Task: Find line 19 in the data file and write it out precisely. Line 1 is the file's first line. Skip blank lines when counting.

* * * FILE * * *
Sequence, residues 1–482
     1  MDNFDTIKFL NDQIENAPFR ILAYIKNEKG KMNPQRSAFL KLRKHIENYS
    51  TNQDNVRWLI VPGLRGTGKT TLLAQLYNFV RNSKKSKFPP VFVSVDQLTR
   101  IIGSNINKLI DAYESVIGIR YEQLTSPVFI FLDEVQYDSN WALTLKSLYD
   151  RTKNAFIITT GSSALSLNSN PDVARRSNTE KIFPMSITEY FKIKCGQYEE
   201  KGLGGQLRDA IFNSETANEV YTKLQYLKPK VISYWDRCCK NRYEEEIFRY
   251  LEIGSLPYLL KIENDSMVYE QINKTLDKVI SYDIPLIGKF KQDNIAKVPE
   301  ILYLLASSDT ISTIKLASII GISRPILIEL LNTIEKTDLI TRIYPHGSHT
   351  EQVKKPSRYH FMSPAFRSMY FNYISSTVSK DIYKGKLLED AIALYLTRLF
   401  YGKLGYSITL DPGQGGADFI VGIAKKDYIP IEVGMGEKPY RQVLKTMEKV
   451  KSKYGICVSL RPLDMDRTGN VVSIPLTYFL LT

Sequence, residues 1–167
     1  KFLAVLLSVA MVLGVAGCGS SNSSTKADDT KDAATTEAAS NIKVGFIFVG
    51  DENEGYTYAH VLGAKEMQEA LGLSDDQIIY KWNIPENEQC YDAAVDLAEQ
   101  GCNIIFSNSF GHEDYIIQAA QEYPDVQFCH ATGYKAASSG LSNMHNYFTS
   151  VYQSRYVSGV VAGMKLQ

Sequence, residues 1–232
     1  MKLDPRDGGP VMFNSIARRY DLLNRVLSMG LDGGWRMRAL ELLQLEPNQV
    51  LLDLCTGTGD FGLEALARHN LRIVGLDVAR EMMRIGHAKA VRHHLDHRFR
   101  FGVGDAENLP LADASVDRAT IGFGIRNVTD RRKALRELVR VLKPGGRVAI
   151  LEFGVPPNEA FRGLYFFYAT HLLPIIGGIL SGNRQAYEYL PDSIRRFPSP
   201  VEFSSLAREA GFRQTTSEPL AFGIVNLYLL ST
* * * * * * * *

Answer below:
    51  LLDLCTGTGD FGLEALARHN LRIVGLDVAR EMMRIGHAKA VRHHLDHRFR